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1980s in fashion

1980s fashion placed heavy emphasis on expensive clothes and fashion accessories. Apparel tended to be very bright and vivid in appearance. Women expressed an image of wealth and success through shiny costume jewellery, such as large faux-gold earrings, pearl necklaces, and clothing covered with sequins and diamonds. Punk fashion began as a reaction against both the hippie movement of the past decades and the materialist values of the current decade.  The first half of the decade was relatively tame in comparison to the second half, which is when the iconic 1980s colour scheme had come into popularity.

1970s In Fashion

Disco fashion was generally inspired by clothing from the early 1960s. Disco clothes worn by women included tube tops, sequined halterneck shirts, blazers, spandex short shorts, loose pants, form-fitting spandex pants, maxi skirts and dresses with long thigh slits, jersey wrap dresses, ball gowns, and evening gowns. Shoes ranged from knee-high boots to kitten heels, but the most commonly worn shoes were ones that had thick heels and were often made with transparent plastic.

Fashion of the 1960s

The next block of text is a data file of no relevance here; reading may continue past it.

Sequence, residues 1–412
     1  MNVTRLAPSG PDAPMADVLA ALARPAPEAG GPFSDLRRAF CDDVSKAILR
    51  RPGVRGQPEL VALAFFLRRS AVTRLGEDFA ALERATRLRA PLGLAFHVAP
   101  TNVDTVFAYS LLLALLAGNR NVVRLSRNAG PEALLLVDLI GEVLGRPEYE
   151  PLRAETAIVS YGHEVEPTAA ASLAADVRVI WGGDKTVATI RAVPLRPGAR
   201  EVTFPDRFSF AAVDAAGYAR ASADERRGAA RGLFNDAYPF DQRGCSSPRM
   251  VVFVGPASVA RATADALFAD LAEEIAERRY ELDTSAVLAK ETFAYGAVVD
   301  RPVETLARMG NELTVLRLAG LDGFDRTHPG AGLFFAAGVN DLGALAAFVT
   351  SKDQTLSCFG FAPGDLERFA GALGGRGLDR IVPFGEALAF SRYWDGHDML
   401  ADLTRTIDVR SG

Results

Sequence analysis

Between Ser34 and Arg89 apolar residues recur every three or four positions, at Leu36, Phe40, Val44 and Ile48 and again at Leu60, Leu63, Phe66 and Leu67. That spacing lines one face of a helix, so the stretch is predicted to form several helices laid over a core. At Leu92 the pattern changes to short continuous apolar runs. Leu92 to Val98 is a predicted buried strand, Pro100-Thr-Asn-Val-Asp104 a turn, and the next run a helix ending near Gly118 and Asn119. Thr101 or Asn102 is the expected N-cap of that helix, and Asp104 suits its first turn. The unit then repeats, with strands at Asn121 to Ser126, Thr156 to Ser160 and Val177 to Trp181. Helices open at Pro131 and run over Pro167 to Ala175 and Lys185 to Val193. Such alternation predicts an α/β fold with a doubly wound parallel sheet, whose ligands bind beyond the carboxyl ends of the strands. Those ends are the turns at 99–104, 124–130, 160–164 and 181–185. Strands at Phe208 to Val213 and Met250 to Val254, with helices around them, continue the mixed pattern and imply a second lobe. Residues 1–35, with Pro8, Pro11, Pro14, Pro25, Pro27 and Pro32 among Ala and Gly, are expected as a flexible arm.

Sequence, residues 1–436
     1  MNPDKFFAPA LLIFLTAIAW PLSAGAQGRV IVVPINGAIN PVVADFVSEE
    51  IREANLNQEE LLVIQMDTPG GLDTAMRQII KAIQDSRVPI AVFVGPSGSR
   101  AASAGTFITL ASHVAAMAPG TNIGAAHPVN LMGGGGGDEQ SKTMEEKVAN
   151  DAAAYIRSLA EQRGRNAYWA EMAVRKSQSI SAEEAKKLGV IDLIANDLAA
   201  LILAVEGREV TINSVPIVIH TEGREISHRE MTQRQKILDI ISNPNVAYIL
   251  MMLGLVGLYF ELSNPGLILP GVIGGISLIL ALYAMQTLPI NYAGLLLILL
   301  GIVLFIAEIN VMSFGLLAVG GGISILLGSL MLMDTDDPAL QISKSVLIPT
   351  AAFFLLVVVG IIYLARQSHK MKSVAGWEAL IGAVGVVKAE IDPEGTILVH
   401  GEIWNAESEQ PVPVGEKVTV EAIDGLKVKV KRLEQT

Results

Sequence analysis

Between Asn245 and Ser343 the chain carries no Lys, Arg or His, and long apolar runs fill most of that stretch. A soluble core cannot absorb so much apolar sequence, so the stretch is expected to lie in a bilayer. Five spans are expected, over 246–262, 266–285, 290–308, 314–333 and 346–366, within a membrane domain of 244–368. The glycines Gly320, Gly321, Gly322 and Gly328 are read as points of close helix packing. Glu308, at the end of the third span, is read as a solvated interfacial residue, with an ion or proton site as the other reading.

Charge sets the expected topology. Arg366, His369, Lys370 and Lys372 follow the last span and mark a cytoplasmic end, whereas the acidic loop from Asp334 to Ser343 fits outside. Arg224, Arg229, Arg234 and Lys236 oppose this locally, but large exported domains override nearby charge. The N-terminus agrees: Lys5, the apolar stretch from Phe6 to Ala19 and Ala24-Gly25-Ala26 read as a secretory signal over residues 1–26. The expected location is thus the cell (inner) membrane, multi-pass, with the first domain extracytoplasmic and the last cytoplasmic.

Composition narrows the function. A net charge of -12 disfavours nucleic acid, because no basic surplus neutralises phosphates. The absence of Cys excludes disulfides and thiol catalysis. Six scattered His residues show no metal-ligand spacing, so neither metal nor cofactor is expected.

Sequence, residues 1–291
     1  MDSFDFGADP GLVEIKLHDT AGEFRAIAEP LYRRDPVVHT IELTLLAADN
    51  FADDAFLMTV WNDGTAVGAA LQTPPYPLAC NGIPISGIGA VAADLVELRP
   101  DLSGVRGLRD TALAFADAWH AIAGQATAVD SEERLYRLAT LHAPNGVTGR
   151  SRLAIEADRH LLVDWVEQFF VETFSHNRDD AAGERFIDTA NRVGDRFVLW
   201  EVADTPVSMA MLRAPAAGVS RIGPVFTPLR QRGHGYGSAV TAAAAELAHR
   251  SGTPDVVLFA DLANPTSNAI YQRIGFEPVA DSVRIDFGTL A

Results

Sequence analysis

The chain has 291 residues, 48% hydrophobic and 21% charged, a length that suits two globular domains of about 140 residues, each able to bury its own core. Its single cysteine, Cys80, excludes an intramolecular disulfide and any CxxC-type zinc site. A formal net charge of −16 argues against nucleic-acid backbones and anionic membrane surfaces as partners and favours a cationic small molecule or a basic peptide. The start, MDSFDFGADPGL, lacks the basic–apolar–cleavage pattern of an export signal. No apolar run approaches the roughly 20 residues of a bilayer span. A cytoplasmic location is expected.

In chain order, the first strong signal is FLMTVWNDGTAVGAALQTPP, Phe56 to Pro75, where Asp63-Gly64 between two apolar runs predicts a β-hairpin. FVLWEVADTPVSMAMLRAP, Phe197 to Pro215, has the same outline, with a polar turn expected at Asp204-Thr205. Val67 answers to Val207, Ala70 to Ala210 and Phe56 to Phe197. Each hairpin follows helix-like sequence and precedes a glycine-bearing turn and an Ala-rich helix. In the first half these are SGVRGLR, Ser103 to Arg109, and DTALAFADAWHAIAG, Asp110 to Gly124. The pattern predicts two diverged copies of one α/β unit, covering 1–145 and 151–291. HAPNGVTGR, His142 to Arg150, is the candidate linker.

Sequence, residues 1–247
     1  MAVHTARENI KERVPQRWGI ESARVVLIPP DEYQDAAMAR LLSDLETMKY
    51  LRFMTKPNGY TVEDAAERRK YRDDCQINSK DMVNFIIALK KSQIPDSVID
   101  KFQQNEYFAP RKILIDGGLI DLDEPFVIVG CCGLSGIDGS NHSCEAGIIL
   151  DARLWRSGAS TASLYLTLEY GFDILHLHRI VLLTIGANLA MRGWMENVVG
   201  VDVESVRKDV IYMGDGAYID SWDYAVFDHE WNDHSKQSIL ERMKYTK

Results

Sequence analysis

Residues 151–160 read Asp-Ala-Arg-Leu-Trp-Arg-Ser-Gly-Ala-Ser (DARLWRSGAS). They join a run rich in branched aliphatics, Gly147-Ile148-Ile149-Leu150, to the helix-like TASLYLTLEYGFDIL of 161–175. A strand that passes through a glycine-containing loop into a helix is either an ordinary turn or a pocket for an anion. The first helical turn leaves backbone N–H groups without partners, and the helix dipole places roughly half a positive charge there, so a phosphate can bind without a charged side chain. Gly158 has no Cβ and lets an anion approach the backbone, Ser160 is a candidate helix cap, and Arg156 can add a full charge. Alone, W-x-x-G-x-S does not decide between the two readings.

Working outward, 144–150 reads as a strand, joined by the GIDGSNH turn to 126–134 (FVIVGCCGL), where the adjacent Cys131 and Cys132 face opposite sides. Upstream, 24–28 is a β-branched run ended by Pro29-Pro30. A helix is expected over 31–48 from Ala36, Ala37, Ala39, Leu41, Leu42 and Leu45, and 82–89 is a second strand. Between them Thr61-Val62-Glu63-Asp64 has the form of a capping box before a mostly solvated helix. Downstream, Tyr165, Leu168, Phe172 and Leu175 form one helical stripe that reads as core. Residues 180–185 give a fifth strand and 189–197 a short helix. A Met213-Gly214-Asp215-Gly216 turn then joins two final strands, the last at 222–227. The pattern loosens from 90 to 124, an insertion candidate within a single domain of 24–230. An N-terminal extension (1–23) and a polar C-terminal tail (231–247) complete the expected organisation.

Fashion of the 1960s featured a number of diverse trends. It was a decade that broke many fashion traditions, mirroring social movements during the time. Around the middle of the decade, fashions arising from small pockets of young people in a few urban centres received large amounts of media publicity, and began to heavily influence both the haute couture of elite designers and the mass-market manufacturers.

1945–1960 in Fashion

By 1947, the Paris fashion houses had reopened, and once again Paris resumed its position as the arbiter of high fashion. The "orderly, rhythmic evolution of fashion change" had been disrupted by the war, and a new direction was long overdue. The padded shoulder, tubular, boxy line, and short skirt (that had been around since before the war and was identified with uniforms) was gone. A succession of style trends led by Christian Dior and Cristóbal Balenciaga defined the changing silhouette of women's clothes through the 1950s. Television joined fashion magazines and movies in disseminating clothing styles. The new silhouette had narrow shoulders, a cinched waist, bust emphasis, and longer skirts, often with wider hems.

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